Bingo is a staple of social clubs and church fundraisers. What begin in the 16th century as an Italian lottery became a phenomenon in America in the 1930s when game promoter Edwin S. Lowe hired a mathematician from Columbia University to devise 6,000 unique cards. Since then, Americans have played for everything from cars to multimillion dollar jackpots. Bingo can also be played just for fun, with cards whose numbers have been replaced with images or themed words.
Know Your Audience
When making cards, remember that players must be able to understand them. While a standard card has five rows across and down, children might prefer a simpler game: three rows each way for very young children, four rows for older ones, for example.
Select non-numeric themes that capture the imagination and interest of your audience. If the game is meant to be educational, make it informative as well as fun. For example, young children will enjoy matching names to pictures, so fill your cards with images of farm animals or pets, or try simple pictures that correspond to letters of the alphabet. Adults will prefer cards that challenge the intellect, so create cards that test players' knowledge of movies, music and popular trivia. On a movie card, each column can correspond to a different film genre, for instance. Or players can respond to questions by identifying the correct answers on their cards.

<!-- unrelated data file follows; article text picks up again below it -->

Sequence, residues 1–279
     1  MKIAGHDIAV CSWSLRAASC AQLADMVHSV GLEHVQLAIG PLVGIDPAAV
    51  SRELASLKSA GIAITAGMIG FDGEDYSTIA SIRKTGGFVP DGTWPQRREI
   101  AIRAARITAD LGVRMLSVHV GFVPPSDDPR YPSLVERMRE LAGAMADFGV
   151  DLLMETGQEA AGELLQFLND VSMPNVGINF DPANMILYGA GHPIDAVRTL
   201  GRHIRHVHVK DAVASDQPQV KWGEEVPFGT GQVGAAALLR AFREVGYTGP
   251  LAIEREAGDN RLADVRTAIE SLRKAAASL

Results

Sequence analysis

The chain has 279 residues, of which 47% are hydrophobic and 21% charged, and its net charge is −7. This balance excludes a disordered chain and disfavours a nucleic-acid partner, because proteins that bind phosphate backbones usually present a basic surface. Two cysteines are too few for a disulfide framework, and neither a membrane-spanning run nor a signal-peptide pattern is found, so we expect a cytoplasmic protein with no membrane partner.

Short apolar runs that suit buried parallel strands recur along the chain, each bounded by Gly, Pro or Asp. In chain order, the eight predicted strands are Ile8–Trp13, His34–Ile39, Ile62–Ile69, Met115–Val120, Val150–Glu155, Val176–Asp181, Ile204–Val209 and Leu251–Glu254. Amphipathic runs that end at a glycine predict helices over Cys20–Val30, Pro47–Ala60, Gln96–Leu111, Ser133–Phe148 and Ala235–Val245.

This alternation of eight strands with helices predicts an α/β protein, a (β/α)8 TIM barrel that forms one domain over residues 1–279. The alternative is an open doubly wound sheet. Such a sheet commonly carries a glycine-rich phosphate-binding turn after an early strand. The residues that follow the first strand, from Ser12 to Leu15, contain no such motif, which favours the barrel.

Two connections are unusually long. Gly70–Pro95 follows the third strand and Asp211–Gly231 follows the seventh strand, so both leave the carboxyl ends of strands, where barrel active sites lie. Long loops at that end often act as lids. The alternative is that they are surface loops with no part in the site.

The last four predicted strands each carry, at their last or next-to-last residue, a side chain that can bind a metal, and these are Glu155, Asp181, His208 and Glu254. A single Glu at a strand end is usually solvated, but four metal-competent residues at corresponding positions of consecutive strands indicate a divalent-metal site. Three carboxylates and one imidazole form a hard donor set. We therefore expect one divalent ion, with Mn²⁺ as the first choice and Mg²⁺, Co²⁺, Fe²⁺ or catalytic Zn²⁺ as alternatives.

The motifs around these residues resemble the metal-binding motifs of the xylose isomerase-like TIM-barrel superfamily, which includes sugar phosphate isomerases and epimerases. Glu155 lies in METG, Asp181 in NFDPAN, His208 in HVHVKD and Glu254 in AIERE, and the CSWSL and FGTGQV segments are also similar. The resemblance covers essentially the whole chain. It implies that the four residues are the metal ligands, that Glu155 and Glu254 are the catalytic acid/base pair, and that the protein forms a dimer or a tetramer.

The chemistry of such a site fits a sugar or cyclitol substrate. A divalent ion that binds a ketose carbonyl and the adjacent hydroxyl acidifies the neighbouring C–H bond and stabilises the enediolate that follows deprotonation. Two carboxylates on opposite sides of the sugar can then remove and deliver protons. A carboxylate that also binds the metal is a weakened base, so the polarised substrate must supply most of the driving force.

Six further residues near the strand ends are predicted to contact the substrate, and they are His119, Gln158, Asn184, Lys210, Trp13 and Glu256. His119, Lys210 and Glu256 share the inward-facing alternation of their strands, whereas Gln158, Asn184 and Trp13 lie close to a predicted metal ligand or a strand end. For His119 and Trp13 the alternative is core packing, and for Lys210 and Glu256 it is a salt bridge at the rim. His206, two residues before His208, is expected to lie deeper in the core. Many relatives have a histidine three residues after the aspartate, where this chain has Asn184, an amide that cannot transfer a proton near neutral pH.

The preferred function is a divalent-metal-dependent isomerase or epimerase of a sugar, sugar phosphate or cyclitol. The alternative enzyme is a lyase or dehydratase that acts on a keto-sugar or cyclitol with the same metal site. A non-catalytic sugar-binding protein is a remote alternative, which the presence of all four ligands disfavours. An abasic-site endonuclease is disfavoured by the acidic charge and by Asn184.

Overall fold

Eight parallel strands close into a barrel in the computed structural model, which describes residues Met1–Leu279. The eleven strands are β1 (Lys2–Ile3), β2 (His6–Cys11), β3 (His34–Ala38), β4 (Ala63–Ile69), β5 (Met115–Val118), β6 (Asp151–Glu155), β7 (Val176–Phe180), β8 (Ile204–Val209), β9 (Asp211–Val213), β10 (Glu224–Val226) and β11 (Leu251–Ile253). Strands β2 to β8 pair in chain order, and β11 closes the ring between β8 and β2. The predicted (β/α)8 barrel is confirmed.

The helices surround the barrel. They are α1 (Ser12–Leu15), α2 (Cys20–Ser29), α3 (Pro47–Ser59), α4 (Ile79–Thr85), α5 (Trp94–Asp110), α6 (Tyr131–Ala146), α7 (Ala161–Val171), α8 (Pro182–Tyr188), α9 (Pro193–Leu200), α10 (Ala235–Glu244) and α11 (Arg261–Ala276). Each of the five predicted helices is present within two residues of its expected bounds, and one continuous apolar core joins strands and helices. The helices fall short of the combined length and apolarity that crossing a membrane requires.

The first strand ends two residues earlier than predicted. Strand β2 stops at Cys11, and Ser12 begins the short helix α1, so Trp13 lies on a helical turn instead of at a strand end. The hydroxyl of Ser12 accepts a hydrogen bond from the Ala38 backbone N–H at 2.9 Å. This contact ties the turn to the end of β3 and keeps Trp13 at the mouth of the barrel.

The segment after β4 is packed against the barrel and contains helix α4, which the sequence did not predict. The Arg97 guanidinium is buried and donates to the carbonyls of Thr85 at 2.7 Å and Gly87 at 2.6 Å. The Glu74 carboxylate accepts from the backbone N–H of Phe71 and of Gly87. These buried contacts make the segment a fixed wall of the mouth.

Numerous websites offer templates for making bingo cards. DLKT provides a selection of children's themes and card sizes. Super Bingo Card Creator focuses on adult themes. Visitors to the site can also fill in their own cards and print them out. Print-Bingo offers word lists and traditional numeric cards that can be customized.
With a little imagination, you can turn blank cards into miniature works of art. Use stencils to fill spaces with letters and symbols. Try freehand drawings or use computer graphics programs to bring your cards to life. Many royalty-free images are also available on the Internet. Download and resize these images to fit the spaces on your bingo cards. Images can be cut out and pasted in, or transferred directly to an on-screen card and printed out.
For an unusual twist, players can even create their own interpretations of answers to questions. They can fill in the spaces with their own drawings in an interesting variation on Pictionary and similar games. Players can decide together if the drawings "match" the answers.
Brian Adler has been writing articles on history, politics, religion, art, architecture and antiques since 2002. His writing has been published with Demand Studios, as well as in an online magazine. He holds a Bachelor of Arts degree in history from Columbia University.